• In the middle 1970s reached peaks of 1/450-500 was reported in studies from Scotland.7
  • This increased incidence of CD urged changes in the dietary habit, based on the hypothesis that delayed exposure to gluten could prevent the onset of the disease.
  • For the first time in 25 years a decrease in the incidence of CD was reported in the United Kingdom and Ireland8 after a late introduction of gluten in the infants’ diet. Unfortunately, this decrease was deceptive, because subsequent screening studies demonstrated that the reduction of typical cases in infants was counterbalanced by the increase of atypical forms of CD with the onset of the symptoms occurring in older children or in adults.9
  • In the past 10 to 15 years, we learned that the clinical expression of CD is more heterogeneous than previously thought.10 Besides the classical gastrointestinal form, a series of other clinical manifestations of the disease have been described, thanks to the advent of innovative serologic screening tests such as antigliadin and antiendomysium (EmA) antibodies assays. The combined use of serum antigliadin immunoglobulin G (highly sensitive) and immunoglobulin A (highly specific) and the confirmation with the EmA test resulted in a reliable screening algorithm to study the epidemiology of CD.11 Based on the use of these new tools, we have learned that the clinical presentation of CD is more protean then previously thought, including previously unrecognized atypical and asymptomatic forms. Moreover, these studies demonstrated that CD is not limited to the pediatric population, but the disease may become clinically apparent during adulthood after years of silent disease.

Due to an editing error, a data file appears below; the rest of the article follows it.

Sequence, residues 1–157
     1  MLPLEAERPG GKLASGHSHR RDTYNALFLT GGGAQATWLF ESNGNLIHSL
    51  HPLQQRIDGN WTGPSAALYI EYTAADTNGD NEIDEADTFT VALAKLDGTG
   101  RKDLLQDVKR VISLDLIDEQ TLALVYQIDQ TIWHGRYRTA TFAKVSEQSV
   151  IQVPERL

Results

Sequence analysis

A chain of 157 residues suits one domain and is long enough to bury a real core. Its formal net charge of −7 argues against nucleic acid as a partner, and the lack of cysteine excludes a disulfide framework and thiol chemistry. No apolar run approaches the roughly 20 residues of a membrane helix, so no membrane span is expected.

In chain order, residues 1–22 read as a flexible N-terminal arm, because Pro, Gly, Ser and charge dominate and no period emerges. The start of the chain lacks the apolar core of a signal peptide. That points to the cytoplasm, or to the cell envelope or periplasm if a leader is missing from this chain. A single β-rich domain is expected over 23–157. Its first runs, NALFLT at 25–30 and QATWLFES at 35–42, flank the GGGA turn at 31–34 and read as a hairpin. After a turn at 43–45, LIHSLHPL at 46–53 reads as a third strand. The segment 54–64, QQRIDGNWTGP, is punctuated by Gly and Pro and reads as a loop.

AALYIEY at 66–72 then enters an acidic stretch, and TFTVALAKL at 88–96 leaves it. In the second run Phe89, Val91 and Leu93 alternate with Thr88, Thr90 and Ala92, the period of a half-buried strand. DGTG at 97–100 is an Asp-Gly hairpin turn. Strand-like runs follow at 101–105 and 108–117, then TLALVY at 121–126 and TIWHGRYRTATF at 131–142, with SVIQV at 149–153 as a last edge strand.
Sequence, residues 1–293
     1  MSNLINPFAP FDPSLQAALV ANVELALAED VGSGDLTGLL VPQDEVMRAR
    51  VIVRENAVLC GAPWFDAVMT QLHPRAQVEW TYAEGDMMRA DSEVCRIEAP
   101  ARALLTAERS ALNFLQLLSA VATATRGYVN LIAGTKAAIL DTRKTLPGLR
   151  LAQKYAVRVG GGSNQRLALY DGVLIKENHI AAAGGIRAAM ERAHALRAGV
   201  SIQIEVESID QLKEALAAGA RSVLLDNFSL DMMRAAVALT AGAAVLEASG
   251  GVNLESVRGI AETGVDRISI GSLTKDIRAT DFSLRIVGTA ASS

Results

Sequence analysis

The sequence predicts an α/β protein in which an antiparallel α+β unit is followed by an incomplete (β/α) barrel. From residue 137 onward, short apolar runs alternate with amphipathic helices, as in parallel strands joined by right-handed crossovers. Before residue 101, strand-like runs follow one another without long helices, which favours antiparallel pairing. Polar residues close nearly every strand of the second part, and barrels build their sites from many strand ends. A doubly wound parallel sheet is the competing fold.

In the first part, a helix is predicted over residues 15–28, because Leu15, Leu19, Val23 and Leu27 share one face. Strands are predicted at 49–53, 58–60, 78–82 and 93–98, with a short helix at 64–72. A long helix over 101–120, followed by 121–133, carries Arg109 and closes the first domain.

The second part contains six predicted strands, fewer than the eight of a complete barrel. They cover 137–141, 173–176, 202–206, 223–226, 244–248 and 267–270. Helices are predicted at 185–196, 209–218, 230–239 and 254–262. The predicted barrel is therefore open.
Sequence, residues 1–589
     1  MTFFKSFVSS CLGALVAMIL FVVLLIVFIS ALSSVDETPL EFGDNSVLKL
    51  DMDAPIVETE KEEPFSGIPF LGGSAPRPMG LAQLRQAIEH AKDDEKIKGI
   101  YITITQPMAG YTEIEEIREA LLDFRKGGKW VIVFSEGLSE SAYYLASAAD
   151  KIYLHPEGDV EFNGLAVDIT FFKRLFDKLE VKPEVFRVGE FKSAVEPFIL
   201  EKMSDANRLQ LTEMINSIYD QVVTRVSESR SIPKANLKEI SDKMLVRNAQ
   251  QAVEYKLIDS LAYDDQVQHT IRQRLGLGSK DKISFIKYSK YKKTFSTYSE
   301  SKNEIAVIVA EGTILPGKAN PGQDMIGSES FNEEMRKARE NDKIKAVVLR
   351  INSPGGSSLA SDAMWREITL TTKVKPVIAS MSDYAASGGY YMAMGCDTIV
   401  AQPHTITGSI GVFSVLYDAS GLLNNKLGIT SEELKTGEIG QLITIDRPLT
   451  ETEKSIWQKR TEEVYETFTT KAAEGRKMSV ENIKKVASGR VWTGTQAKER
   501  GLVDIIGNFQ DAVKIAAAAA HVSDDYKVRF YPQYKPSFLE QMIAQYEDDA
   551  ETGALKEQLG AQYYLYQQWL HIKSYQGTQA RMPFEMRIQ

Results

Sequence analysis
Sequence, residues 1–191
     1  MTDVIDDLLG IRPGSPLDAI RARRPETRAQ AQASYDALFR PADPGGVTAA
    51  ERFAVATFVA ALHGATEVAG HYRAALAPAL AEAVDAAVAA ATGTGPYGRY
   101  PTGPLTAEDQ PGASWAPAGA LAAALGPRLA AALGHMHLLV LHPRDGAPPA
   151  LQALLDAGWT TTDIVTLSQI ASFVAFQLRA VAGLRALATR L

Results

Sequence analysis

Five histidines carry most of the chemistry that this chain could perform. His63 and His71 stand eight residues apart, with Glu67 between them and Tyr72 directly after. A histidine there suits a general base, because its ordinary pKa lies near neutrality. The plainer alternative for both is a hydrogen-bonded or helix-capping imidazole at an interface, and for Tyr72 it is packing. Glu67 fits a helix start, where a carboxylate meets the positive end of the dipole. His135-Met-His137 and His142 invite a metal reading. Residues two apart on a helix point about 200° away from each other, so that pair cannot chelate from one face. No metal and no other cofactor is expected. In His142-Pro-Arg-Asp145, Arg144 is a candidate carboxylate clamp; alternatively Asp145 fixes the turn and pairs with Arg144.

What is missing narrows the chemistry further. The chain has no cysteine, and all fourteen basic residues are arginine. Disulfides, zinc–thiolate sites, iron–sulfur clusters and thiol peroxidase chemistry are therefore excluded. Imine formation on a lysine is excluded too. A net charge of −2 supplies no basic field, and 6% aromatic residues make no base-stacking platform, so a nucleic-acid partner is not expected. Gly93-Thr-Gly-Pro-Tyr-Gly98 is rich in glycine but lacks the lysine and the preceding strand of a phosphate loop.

• The European experience taught that, despite common genetic and environmental factors, the clinical presentation of CD in neighboring countries may greatly diverge and could justify the different prevalence of the disease previously reported.13 A similar explanation seems to account for the rare prevalence of CD previously reported in the United States.14 Recent studies conducted by using more appropriate experimental designs and powerful screening tools demonstrated that CD in the United States is as frequent as in Europe in both risks groups15 and the general population.16, Similar results were obtained in Africa,17 and Asia,18 continents where CD was considered a rare disorder. Combined together, these studies revealed that CD is one of the most frequent genetically-based diseases of humankind32 occurring in 1 out of every 100 to 300 individuals in the general population worldwide.26
  • In the future, a multidisciplinary research effort to understand the pathogenesis of CD is currently taking place worldwide. This effort is fueled by the appreciation that CD represents a unique example of an autoimmune disease in which the environmental factor(s) that induces the immune response has been identified. Therefore, scientists view CD as a model to tackle key questions on the pathogenic mechanisms involved in other autoimmune diseases (ie, multiple sceloris, diabetes mellitus, rheumatoid arthritis, etc) whose environmental triggers are still unknown.20